Equipe Cousteau welcomed Opel / Vauxhall Project Earth in Mexico
30 September 2011
From July 14 to August 4, 2011, the Opel / Vauxhall Project Earth expedition took a group of young students and scientists for a unique voyage to four vulnerable and endangered regions of the world. The team visited four organizations which work to protect habitats and endangered species, and helped the scientists in their work. Equipe Cousteau has been choosen together with three preeminent environmental organizations: WWF Canada, The Rain Forest Foundation US and The Jane Goodall Institute. The expedition explored the Arctic, a National Park in Tanzania, the Gulf of California (Mexico) and the rain forest in Panama.
The project aimed to present major threats to our environment as well as practical solutions for sustainability and conservation. Back in their country, the participants from all over Europe commited to act as ambassadors of the preservation of these fragile ecosystems threathened by human activities.
Equipe Cousteau and its scientific partners of the Mexican consortium Oceanides Conservación y Desarrollo Marino, highlighted to the expedition team the threats to the Gulf of California porpoise, an endemic species of the region and the most endangered species of marine mammal in the world. Meetings with the scientists have been organized by the Cousteau team members Noémie Stroh and Faustine Martinez during a conference held at the Ensenada Center for Scientific Research and Higher Education (CICESE).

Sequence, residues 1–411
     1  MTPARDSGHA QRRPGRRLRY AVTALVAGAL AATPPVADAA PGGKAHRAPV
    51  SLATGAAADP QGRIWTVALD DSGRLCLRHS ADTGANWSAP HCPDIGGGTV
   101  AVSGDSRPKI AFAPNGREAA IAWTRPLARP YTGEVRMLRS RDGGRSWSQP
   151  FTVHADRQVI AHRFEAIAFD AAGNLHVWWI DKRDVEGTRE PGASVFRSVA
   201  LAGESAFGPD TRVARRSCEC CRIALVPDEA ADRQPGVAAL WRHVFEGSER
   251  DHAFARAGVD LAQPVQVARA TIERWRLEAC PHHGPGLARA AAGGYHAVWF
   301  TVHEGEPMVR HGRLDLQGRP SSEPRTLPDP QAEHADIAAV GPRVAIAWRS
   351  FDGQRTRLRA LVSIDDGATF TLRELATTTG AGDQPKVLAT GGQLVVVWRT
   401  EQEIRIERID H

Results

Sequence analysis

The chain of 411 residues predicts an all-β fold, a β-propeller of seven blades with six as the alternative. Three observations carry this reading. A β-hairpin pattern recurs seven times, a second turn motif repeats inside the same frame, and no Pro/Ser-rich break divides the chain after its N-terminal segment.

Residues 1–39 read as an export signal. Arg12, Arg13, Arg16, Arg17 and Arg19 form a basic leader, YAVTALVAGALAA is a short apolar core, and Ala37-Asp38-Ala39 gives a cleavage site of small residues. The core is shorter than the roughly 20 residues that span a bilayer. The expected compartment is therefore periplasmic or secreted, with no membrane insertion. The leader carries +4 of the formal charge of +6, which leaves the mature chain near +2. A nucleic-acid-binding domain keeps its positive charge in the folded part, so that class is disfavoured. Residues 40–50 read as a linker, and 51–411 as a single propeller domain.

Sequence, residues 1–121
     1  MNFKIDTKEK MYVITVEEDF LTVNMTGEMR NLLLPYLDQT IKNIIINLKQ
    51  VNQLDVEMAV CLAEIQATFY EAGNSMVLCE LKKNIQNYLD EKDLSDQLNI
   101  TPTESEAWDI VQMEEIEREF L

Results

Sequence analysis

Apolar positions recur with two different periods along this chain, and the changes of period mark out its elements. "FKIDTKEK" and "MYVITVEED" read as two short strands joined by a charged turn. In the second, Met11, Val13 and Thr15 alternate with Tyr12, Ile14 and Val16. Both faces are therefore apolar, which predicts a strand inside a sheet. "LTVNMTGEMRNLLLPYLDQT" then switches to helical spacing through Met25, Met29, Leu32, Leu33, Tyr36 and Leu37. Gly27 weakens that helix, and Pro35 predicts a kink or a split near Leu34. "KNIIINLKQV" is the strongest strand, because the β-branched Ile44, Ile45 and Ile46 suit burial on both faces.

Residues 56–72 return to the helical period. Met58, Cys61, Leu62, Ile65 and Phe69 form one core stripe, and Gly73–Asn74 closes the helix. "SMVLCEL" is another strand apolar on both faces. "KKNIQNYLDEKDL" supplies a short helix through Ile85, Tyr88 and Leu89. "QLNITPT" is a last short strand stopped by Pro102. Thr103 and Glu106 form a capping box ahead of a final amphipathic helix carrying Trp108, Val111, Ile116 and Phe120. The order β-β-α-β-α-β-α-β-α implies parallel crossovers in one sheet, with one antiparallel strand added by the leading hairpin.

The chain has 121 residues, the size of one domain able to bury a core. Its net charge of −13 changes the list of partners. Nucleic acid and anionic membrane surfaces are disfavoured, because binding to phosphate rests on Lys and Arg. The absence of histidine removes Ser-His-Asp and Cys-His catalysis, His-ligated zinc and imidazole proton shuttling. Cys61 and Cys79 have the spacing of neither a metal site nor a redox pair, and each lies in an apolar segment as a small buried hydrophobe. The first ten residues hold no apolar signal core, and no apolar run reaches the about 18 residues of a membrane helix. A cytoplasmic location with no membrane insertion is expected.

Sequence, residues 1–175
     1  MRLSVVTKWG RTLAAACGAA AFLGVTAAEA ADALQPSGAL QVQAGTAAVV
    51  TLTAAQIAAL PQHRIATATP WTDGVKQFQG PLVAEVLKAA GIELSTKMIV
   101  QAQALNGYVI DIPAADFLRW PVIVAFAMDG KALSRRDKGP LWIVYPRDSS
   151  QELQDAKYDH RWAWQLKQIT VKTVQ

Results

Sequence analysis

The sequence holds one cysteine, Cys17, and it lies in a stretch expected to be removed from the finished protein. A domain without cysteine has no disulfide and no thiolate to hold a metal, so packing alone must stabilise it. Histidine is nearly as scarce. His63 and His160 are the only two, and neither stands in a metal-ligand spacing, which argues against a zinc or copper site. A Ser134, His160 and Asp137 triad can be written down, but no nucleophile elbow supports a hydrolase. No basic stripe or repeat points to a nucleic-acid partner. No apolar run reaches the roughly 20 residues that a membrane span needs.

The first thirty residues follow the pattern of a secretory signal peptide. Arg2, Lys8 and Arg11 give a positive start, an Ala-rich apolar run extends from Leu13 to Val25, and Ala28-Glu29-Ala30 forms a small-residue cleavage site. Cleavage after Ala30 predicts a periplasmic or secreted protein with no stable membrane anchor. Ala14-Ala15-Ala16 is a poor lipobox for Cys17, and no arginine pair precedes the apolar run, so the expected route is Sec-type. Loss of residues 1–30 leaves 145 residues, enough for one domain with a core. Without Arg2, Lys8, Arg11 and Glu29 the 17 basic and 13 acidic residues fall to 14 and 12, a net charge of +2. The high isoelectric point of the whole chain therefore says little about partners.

The leading mexican scientists, Dr. Lorenzo Rojas Bracho and Dr. Armando Jaramillo, marine biologists specialized in marine mammal sciences, presented the Vaquita or Gulf of California porpoise and its critical situation. Although the species is protected by the Mexican government, there are only 150 individuals left. Equipe Cousteau works with Dr. Rojas and Dr. Jaramillo to track the abundance of the population and its movements. These information are essential for any conservation plan to evaluate progress and predict the success or failure of a given action.
The Opel Project Earth participants then had the privilege to accompany the scientists during their work inside the Vaquita Refuge area where gill-nets, the main threat to vaquita, are prohibited. They helped the scientific team in the implementation of an acoustic detector network that will record sounds emited by the porpoise.
The participants of the Opel / Vauxhall Project Earth are now aware that the protection of the vaquita is a symbol for the conservation of biodiversity in Mexico, but could also serve as an example for the preservation of many other dolphin and porpoise species facing the same threats around the world.